• Finally, a broader comment. I understand that a goal for core PBS Pro is to move all configuration into a single system, e.g., qmgr. This design goes the other way – adding configuration into a separate hook file. Having a separate hook config file for a non-core feature is a great idea (so people can work on extensions without worrying about core PBS Pro), but adding a totally new type of configuration methodology to core PBS Pro seems like moving the wrong direction. Not sure what others think about this…

Again, thanks!


The cgroup limits do not affect the rlimits because they are independent mechanisms within the kernel. A process could be denied access to a resource if it violates either limit. The cgroup limits apply to groups of processes (i.e. all processes in a job) while the rlimits are per process.

Document updated.

Creating cpusets from within MoM via libcpuset is exactly the same thing as creating them via the cgroups hook. I added an Administrator Notes section at the bottom of the document and indicated that the cgroup hook should not be used in conjunction with the cpuset MoM.

Yes, 0MB is the default when no configuration file is present. The default in the configuration file packaged with PBS Pro is 256MB. You are correct about “physical” memory… it has been updated to “virtual” memory.

Agreed. Public/experimental seemed the best fit, which probably just confused anyone reading this that does not work for Altair.

Good grief, that would make this document about 100x longer! Not to mention the amount of time required.


One of the comments from @bhroam identified that “physical” should have been “virtual” for memsw. Physical and virtual memory are obtained from /proc/meminfo as MemTotal and (MemTotal + SwapTotal), respectively.

I updated the document to reflect that reserve_percent is calculated prior to reserve_amount to obtain the total amount reserved. I also correct the self-reference issues.

I added the suggested text. It would be considerably easier to update the scheduler’s resources list if it were accessible via qmgr. I’d have to agree that this is out of scope for this design, but a valid point nonetheless.

The ability to exclude vnode types was primarily targeted for Cray systems where vnode types are commonly defined. The ability to exclude individual hosts was to target individual nodes where the complex does not define vnode types.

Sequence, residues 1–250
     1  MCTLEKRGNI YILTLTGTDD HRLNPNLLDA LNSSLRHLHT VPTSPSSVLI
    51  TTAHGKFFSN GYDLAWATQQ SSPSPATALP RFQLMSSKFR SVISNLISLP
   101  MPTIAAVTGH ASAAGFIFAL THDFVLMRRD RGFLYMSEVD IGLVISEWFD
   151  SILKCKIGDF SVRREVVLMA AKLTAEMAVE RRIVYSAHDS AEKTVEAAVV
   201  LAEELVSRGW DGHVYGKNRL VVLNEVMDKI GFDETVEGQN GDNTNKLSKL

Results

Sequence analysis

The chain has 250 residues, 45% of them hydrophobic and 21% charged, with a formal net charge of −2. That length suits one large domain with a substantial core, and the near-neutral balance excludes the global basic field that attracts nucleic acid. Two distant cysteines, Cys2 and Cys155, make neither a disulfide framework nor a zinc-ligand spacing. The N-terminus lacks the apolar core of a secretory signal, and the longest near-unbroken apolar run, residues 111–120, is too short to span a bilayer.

I agree that a central repository for all things related to PBS Pro configuration would be of benefit. At the time the cgroups hook was first conceived, the hook configuration file seemed the best fit because the server would push the changes out to all of the MoMs in the complex when it was modified.


@mkaro, thanks for updating the document.
One quick thing: vntype is a resource, not an attribute.

As for cpusets, I really was just curious about the differences between a cpuset and a cgroup limit and why one would want to use both. From my point of view, they look like they are providing the same service. Is it that a cpuset will allow you to hammer down the exact cpus and memory where a cgroup just limits the amount used?

I’m still confused about the sentence in the memory subsystem that says if there isn’t a virtual memory limit requested, the limit will be set to the physical memory limit. How does this mix with the default of 0MB/256MB? Does the sentence in the memory subsystem just take affect if the memory subsystem is enabled and memsw is not?

As for the log messages, I’d take a pass over them and remove the less important ones and document the rest. I remember some that were less useful than others. Either that or take this up with Ian.


Bhroam’s advice is sound.


Thanks @bhroam. I updated the document replacing “vntype attribute” with “vntype resource”.

The cpuset subsystem in cgroups is the very same thing that used to be referred to simply as cpusets. SGI provided a library that could be used to manipulate them, but that was more for convenience than anything else. Manually creating the directories and populating the files achieves the same result. The default location of the cpuset filesystem has changed over time, and a prefix is now applied to some of the files by default. It is possible to mount the cpuset filesystem with the “noprefix” flag to restore backward compatibility.

If we set a cgroup limit of 1GB for mem and don’t set the memsw limit, then the kernel will allow the processes to allocate 1GB of RAM and unlimited swap. If we set a limit of 1GB for both mem and memsw, the kernel will allow the processes to access exactly 1GB of memory, regardless of whether it’s in RAM or swap. If we set a cgroup limit of 1GB for mem and 2GB for memsw, the kernel will allow the processes to allocate up to 2GB with no more than 1GB being RAM. Finally, if we set a cgroup limit of 2GB for mem and 1GB for memsw, the kernel will only allow the processes to access 1GB. In terms of a PBS Pro job, if you set your vmem limit lower than your mem limit you’ve made a mistake and the cgroups hook will reject the job. When a user submits a job specifying -lselect=1:mem=1gb we don’t want to grant them access to unlimited swap, but we do want them to have access to the full 1GB they requested, so memsw is set to the same as mem. Hopefully, that description helps.

I’ll add interfaces for relevant log messages.


My question has more to do with the nature of a cpuset vs a cgroup limit. I understand that turning on the cpuset subsystem will create cpusets just like the pbs_mom.cpuset would. My question is what is the difference between a cpuset and the cpu/memory/memsw subsystems? Why would someone use one instead of the other, or would they use both at the same time?

Thank you for your explanation. It helped me understand the subsystems better. I still have a question about the default. If a job doesn’t request vmem, we set the memory/memsw limit to the same thing. My question is this is true, where does the default come into play? When do we use that default if we’re always setting the memory/memsw limit to the same thing?